One of Andalucía's most fabulous beaches, Punta Paloma, 10km northwest of Tarifa, is famous for its huge blond sand dune. At its far western end, you can lather yourself up in a natural mud bath.
Sprawling between 7km and 10km northwest of Tarifa, to the great white dune at Punta Paloma, Valdevaqueros is one of Tarifa's most popular kitesurfing beaches, blessed with dusty alabaster-hued sand and aqua waters.
Though built in 960 on the orders of Cordoban caliph Abd ar-Rahman III, this restored fortress is named after Reconquista hero Guzmán El Bueno. In 1294, when threatened with the death of his captured son unless he s…
This lookout with a tower atop part of the castle walls delivers spectacular views across Tarifa's rooftops and to Africa and 851m Jebel Musa, one of the so-called 'Pillars of Hercules' (Gibraltar is the other).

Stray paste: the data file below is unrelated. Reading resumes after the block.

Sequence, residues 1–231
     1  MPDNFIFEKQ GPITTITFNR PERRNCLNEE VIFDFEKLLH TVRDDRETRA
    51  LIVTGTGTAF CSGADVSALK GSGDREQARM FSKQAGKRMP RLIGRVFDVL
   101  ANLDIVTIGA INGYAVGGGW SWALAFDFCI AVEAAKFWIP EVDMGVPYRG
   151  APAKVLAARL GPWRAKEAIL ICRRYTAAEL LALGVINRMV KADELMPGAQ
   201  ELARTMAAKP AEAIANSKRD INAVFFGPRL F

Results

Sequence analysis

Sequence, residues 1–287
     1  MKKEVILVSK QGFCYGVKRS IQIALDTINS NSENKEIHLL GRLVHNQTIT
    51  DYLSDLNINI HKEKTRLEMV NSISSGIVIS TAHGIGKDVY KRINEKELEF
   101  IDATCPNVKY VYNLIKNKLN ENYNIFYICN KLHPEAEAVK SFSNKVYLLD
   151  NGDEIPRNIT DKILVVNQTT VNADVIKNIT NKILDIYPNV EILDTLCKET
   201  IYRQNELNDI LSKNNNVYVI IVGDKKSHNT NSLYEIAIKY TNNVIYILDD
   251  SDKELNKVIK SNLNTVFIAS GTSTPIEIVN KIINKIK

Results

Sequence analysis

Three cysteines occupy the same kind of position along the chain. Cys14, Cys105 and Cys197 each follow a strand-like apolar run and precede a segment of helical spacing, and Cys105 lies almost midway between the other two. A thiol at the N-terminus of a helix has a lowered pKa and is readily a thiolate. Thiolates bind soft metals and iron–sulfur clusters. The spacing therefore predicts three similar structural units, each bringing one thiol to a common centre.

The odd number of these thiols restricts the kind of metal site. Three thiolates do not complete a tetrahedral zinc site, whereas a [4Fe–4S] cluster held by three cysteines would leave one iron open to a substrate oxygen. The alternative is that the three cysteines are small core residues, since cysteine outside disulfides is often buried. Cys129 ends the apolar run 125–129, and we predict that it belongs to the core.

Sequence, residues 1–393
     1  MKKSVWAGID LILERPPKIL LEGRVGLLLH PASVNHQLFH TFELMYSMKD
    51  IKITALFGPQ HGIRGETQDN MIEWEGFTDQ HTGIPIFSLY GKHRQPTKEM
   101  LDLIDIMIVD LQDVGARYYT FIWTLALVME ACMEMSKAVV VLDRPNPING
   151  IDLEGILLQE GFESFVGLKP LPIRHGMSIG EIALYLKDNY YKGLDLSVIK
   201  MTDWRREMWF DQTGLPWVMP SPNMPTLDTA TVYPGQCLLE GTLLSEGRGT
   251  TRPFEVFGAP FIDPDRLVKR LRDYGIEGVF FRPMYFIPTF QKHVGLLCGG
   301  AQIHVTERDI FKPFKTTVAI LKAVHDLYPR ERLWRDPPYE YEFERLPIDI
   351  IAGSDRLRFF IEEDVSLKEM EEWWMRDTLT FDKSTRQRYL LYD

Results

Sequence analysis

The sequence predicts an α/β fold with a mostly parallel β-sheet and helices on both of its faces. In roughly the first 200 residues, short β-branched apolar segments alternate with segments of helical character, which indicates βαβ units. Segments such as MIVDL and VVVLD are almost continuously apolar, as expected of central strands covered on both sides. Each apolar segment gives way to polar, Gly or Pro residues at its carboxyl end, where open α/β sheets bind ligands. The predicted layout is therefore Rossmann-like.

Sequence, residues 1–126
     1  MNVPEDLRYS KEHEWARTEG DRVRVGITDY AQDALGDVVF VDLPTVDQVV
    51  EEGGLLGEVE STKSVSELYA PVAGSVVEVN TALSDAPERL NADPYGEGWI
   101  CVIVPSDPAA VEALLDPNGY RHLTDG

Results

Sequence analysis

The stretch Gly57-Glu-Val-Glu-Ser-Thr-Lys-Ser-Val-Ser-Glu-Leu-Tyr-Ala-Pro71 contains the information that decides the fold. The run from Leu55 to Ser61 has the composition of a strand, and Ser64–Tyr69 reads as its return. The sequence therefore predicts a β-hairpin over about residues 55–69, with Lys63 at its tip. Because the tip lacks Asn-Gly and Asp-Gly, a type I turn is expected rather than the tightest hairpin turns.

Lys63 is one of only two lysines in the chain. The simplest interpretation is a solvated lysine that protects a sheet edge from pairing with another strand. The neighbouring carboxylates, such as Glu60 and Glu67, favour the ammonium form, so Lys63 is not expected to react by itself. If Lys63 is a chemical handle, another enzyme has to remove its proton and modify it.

This broad snow-white sandy beach stretches for 7km northwest from Tarifa. The low dunes behind it are a paraje natural (protected natural area); you can hike across them on the 1.5km Sendero de los Lances, signpost…
On the isthmus leading out to Isla de las Palomas at the southernmost tip of Tarifa town, tiny Playa Chica is more sheltered than other local beaches.
Wind your way through the narrow streets of the old town to Tarifa's main, mostly 16th-century church, with a soaring neoclassical facade.
Guarding the entrance to the old town, the fortified Mudéjar Puerta de Jerez was built after the Reconquista.
At this portside visitors centre, learn all about striped and bottlenose dolphins, long-finned pilot whales, orcas (killer whales), sperm whales, endangered fin whales and misleadingly named common dolphins, all of …
Originally constructed in the 16th century, this whitewashed, tucked-away church now flaunts a mix of baroque and neoclassical styles, having been torn down and almost entirely rebuilt in the 18th century.